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My loved one is in the hospital, now what do I do?

Situations like this can be overwhelming, with many unanswered questions and thoughts running through your mind of what will I do?

  • How will I handle this situation?
  • Can my loved one come home, and how can I care for them?
  • My loved one will need 24/7 hour care, and I must work during the week.
  • I will not have the time, energy, or skills to provide this care.

This is an unknown area that many families do not understand, nor do they know what is available to them for resources.

The hospitals have social workers and discharge planners, and this is the time to reach out to them. There is also the option of hiring a private outside consultant and case manager to assist with the situation and help develop the plan for the transfer, no matter where the transfer location is.

There are many options, such as private home care services from licensed agencies, and a list can be obtained from the hospital staff.

It is important to remember that discharge planning starts on the day of admission to the hospital. The hospital discharge planners, whoever they are, will be working on various options for transfer when the time comes. Often it is sooner than later and near the weekend, like a Thursday or Friday.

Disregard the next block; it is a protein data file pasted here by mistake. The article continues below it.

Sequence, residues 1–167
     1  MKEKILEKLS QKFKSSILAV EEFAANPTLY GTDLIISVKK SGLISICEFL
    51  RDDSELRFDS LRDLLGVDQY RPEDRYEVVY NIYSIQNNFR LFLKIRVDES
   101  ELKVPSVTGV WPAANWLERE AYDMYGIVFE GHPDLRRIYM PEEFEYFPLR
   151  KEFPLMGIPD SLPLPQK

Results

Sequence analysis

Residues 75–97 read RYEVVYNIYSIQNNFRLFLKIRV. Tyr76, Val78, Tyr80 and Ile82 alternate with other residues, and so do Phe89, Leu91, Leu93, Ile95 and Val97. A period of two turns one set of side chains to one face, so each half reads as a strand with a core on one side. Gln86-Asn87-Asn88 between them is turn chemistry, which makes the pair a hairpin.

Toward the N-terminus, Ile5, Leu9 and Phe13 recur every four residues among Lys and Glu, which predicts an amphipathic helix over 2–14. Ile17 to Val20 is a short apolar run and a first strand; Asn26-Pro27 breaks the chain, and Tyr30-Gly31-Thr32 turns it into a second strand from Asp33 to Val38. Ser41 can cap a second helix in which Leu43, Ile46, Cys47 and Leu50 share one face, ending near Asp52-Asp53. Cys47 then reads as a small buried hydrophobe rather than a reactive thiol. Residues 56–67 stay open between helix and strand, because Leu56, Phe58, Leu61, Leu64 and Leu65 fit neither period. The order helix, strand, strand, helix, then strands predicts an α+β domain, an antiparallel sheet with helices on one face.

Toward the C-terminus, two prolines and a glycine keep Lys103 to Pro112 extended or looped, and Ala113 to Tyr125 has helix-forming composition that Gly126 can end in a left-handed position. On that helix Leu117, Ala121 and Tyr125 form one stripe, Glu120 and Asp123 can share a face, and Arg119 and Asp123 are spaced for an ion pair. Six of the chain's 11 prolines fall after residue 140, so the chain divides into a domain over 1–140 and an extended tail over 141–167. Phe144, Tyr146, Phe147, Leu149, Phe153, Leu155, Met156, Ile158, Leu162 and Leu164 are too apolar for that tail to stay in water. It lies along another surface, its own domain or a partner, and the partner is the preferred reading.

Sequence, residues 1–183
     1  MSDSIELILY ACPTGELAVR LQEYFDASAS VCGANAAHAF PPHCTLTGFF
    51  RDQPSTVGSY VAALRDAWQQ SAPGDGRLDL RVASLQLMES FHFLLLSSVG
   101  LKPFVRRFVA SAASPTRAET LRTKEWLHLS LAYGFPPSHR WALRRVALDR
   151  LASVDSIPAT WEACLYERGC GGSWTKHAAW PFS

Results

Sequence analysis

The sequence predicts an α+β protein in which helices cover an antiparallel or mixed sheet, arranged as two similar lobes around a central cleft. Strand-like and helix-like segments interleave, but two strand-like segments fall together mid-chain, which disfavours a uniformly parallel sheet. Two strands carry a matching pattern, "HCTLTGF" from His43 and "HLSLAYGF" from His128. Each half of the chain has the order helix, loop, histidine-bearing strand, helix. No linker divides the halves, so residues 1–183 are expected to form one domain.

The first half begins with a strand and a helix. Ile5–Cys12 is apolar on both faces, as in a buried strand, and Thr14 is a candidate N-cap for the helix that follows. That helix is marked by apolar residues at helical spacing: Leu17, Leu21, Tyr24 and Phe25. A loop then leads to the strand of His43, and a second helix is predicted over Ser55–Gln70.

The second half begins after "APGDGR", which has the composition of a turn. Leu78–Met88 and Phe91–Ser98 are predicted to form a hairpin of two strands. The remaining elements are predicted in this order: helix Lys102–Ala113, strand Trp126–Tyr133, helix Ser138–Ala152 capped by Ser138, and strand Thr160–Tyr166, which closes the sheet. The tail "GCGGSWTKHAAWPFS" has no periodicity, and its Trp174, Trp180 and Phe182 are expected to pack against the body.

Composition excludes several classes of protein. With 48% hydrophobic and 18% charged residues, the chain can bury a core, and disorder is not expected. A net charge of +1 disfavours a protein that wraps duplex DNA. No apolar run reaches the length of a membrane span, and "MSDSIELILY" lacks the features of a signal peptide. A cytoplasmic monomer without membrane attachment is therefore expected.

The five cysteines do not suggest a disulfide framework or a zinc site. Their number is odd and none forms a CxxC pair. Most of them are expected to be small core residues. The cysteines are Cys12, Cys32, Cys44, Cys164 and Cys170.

Nursing homes, assisted living facilities, supportive care facilities, rehabilitation facilities, and group homes are some of the names for places where an individual may be transferred after surgery or an illness to gain strength and recover their previous skills to return to the community.

Another reason a hospital patient may be transferred to these various facilities is because of their self-care deficit (meaning unable to care for themselves), do not have a family to help, and/or the money to hire help that is needed.

A patient may no longer be able to drive, shop for necessities like groceries, can no longer cook, do laundry, and other household care needs.

One of the most significant sources for transfer to a nursing home, assisted living, supportive care, or rehabilitation for placement is from the hospital via the discharge planners and perhaps the hospital staff recommendations.

After being transferred, the facility may not be like the “picture” described in the reviews, the brochures, and even some government sites, such as Medicare.org and the link to nursing home compare.

Someone may wish to transfer elsewhere for better care, to be closer to family, or for different rehabilitation needs. Sometimes, you are unhappy with the placement for whatever reason, and a change needs to be made.

One of the best times is when a patient is hospitalized and will be discharged in the near future. A different facility can be selected based on needs, and arrangements with the case manager, social worker, or discharge planner will be developed and processed.

The type of facility placement will all depend on the payment source, such as Medicare, Medicaid, private insurance, or private pay. Sometimes there isn’t enough private pay or insurance money to cover the services needed, and an application to Medicaid, the state funding, can be made. It often takes some time, but some facilities will accept a patient based on “Medicaid pending.”


Why does transfer out to another facility occur from the hospital near the weekend? It often has to do with staffing issues at the hospital, and there are open beds at the other facilities.


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